(Photo Credit: Prevent Biometrics)
Researchers at the Institut national du sport du Québec (INS Québec), in collaboration with researchers at McGill University and the École de technologie supérieure (ETS), are studying the falls of short-track speed skating athletes to better understand head impacts. A report by Gino Harel on Radio-Canada’s Les années lumières highlights this research. To listen to the segment, broadcast on Sunday, November 6, click on this link.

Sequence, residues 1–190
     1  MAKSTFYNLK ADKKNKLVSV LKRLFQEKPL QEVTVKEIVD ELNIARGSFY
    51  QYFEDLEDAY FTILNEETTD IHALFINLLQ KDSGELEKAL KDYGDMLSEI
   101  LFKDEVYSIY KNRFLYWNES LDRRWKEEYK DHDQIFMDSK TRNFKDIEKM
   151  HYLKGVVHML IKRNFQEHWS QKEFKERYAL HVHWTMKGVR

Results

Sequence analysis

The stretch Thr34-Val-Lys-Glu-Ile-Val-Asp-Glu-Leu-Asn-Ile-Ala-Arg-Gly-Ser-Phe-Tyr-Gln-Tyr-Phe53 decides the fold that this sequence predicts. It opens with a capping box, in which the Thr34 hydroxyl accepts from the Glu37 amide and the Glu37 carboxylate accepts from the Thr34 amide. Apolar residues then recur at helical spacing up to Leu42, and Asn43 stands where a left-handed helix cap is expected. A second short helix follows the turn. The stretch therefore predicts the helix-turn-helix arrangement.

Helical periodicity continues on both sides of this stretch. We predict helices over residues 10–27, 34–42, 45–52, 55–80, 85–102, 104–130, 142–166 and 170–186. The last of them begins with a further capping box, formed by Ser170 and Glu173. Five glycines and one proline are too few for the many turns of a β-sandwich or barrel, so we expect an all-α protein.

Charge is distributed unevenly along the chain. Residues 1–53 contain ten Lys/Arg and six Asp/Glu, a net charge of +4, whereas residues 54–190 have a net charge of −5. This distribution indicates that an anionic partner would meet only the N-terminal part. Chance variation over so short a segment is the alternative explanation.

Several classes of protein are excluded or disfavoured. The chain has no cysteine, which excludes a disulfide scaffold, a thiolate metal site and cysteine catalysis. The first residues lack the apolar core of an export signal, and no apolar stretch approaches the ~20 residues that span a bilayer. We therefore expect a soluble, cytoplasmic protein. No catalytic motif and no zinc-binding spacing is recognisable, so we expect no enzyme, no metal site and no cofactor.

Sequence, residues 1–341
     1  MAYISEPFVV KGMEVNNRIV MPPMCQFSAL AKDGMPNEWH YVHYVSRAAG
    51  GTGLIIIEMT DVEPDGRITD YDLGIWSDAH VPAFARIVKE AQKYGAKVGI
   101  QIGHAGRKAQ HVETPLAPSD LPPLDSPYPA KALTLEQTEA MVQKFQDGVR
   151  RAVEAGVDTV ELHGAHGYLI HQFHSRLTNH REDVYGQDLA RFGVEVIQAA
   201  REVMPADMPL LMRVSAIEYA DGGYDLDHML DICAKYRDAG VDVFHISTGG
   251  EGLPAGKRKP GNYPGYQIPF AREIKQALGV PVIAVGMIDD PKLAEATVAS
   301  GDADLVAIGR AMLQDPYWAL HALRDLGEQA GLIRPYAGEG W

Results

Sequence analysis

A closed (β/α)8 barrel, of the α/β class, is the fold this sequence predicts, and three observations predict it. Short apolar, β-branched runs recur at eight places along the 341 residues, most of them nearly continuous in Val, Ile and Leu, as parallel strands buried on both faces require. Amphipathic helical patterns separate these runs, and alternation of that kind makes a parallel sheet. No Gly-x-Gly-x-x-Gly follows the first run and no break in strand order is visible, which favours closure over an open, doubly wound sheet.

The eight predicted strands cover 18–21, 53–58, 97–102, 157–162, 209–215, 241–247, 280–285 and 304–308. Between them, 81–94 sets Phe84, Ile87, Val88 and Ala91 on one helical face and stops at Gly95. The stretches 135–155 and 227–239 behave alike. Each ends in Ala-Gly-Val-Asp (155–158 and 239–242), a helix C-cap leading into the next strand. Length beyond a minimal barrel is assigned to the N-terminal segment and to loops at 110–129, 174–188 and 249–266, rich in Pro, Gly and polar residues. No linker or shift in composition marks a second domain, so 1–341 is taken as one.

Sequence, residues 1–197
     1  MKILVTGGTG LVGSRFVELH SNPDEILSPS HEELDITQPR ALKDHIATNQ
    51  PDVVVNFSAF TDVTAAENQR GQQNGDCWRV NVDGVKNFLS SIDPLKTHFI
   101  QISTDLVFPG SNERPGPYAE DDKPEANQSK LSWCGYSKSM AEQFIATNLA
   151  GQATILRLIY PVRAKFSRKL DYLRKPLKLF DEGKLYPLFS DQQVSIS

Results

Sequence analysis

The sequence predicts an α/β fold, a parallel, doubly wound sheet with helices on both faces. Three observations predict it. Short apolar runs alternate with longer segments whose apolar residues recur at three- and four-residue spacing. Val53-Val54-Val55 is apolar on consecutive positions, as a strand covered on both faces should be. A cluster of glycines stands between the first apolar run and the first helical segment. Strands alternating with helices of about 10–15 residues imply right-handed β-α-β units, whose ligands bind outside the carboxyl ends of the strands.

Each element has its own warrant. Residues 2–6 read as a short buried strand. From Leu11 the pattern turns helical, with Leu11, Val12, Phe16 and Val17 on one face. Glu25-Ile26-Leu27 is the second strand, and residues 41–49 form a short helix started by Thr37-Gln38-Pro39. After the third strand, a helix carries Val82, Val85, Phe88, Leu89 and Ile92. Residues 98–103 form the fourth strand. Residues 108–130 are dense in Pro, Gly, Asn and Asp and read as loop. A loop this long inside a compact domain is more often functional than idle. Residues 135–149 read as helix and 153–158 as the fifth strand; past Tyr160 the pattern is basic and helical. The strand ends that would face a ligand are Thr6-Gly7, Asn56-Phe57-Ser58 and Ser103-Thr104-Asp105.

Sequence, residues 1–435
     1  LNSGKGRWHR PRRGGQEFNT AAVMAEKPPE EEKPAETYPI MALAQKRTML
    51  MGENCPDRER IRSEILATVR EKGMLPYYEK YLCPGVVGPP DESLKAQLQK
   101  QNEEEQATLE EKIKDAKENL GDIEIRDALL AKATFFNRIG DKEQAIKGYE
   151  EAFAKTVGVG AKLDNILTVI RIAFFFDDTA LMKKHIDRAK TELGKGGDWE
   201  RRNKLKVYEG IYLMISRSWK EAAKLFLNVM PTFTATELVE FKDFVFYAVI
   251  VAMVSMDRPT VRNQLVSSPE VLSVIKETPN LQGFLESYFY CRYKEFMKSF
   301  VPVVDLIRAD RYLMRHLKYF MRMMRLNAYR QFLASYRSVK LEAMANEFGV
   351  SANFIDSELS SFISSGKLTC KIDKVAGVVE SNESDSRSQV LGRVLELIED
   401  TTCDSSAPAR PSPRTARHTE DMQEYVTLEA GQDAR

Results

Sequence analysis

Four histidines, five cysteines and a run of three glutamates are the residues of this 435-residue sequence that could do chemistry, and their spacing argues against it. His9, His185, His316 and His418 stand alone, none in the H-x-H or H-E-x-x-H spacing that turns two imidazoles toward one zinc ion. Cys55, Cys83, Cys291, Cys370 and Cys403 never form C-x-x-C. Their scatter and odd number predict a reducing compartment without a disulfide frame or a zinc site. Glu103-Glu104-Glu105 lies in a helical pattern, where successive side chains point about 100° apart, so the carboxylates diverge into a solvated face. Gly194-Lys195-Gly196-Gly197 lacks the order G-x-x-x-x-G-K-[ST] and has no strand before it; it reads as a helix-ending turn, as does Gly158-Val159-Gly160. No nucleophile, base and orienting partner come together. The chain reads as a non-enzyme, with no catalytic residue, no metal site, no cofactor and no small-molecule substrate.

A group of athletes from the Canadian National Team and the NextGen team, the latter being composed of up-and-coming athletes, have agreed to participate in the research project by wearing a connected mouthguard during their training sessions.
The goal of this research is to capture data from real-life falls to later create a new helmet prototype to better prevent injuries. Why a mouthguard? According to the researchers, it is the best place to measure the movements that the brain undergoes. The data collected from athletes’ falls, even if they do not lead to concussions, will be used in laboratory simulations to recreate the impact of a fall in order to propose a new helmet prototype.